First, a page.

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The paintings were stored in cupboards in Paris for nearly three decades. No one wanted abstract renderings of DNA by an untrained artist who happened to be a biologist.

Title (2000): DNA telomere, 1975. Oil on cardboard (19.7 ins x 12.6 ins). Luis Soriano (Negro-Da-Ponte). Image courtesy Ickenox Fine Art Publishers.

But times have changed. Outsider art is in, DNA is hip, and the paintings are now for sale over the Internet.

Between 1974 and 1976, Luis Soriano completed about 25 paintings while working as a researcher in cellular and molecular biology at the French Centre National de la Recherche Scientifique in Paris.

At a time when laboratory results were about curves, charts, and numbers, Soriano was looking for artistic ways to express the research.

Original Title (1976): Putative sequence in a context of colour fraternity, 1975. Last Title (2000): Transgenesis. Acrylic on cardboard (25.6 ins x 19.3 ins). Luis Soriano (Negro-Da-Ponte). Image courtesy Ickenox Fine Art Publishers.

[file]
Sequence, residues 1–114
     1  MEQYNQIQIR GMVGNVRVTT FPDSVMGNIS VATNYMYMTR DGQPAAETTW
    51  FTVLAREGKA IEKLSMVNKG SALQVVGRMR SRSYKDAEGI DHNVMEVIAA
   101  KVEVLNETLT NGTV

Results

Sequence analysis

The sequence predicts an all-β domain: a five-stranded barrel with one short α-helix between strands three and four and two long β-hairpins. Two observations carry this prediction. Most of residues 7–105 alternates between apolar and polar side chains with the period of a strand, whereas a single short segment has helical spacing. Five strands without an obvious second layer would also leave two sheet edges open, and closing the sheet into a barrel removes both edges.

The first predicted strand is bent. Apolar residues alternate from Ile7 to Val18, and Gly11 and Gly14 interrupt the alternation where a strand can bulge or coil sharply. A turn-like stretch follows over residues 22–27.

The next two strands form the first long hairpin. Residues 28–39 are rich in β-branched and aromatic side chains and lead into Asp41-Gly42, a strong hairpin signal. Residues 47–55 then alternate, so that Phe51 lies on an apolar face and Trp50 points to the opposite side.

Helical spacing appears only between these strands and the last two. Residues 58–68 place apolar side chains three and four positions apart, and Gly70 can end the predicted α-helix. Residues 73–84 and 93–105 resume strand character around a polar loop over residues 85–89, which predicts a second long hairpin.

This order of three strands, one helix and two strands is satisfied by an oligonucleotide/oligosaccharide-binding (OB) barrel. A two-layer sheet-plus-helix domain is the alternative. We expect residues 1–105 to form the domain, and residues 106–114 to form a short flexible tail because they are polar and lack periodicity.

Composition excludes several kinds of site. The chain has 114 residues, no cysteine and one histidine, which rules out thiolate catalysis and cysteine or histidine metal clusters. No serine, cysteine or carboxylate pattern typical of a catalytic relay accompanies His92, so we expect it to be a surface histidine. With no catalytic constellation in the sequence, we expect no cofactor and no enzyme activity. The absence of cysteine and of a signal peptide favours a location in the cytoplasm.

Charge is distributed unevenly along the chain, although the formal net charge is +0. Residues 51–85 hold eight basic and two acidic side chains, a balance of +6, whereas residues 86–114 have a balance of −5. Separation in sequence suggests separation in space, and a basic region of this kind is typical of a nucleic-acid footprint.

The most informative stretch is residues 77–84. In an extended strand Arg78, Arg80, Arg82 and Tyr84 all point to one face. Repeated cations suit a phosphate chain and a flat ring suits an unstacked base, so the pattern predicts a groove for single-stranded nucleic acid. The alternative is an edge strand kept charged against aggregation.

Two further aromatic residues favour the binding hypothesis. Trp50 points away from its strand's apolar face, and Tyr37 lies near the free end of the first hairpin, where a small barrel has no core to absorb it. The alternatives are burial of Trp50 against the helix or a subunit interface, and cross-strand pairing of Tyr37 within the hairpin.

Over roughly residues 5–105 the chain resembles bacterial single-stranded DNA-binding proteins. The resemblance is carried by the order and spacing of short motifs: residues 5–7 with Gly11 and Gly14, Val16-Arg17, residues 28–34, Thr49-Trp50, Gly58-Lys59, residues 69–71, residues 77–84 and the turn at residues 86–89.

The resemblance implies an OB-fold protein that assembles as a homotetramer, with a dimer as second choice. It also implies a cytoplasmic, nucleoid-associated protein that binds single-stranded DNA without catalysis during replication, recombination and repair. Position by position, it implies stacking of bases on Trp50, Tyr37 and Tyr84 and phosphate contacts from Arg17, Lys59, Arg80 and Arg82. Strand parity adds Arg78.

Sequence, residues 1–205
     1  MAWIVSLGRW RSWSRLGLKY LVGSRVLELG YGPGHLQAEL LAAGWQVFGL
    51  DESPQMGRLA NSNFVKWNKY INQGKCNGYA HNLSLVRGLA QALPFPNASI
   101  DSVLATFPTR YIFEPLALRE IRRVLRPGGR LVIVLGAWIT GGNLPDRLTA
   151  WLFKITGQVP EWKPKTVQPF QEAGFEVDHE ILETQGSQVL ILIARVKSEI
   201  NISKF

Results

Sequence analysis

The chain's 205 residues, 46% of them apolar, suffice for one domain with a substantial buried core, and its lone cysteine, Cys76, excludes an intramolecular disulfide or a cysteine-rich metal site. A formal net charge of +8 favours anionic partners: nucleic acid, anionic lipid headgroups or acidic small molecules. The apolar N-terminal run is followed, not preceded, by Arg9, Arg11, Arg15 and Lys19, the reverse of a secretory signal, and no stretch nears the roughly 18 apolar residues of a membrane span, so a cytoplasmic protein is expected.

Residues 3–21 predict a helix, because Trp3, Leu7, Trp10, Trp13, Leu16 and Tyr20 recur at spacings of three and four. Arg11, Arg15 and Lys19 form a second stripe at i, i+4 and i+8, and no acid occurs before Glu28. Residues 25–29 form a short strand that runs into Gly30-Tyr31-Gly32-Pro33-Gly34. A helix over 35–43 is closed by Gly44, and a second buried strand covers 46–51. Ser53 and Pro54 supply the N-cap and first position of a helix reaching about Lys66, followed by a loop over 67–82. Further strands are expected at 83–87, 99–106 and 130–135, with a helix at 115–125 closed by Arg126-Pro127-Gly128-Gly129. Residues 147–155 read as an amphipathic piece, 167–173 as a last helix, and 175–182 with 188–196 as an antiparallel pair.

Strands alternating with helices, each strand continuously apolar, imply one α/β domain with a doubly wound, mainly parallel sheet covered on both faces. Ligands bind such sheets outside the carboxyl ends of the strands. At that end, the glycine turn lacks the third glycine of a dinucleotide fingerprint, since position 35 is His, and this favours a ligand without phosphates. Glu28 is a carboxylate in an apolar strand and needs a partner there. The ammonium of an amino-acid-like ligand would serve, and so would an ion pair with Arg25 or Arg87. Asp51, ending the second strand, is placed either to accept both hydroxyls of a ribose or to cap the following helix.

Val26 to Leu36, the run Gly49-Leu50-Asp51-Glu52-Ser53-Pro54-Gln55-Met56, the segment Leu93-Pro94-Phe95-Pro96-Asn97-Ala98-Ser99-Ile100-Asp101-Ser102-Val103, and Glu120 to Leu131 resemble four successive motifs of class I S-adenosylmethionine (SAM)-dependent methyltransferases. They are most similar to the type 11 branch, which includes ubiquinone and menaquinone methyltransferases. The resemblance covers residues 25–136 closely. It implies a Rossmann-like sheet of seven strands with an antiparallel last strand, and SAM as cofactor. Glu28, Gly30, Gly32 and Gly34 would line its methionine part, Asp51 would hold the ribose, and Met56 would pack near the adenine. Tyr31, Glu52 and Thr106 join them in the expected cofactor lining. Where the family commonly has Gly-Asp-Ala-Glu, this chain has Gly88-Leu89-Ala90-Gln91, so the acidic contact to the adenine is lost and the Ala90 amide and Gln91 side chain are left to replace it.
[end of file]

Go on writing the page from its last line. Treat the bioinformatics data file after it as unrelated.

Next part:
“I wanted to represent molecules in a naïve way,” says Soriano, who is now 72 and goes by the pseudonym Negro-da-Ponte. Born in Argentina, he has lived in Paris for 40 years.

Soriano stopped painting because his friends and colleagues were not interested in the art. Plus, as a deputy director of the Department of Biology of the Ecole Normale Supérieure in Paris he had little free time outside his research. Now that he's retired he may start painting again, especially if the earlier works start to sell.

“I am particularly interested in stem cells and the possible applications in cell and gene therapy and transplantation,” he says. “The Internet allows me to stay up on the research.”

LEFT: DNA Uncoiling, 1974-76. Oil on cardboard (26 ins x 20 ins). Luis Soriano (Negro-Da-Ponte). RIGHT: Molecular Dance, 1974-76. Oil on cardboard (26 ins x 20 ins). Luis Soriano (Negro-Da-Ponte). Image courtesy Ickenox Fine Art Publishers.

View a slideshow of some of Luis Soriano's work.

To see more paintings by Soriano visit Ickenox Fine Art Publishers.

Birgit Reinert

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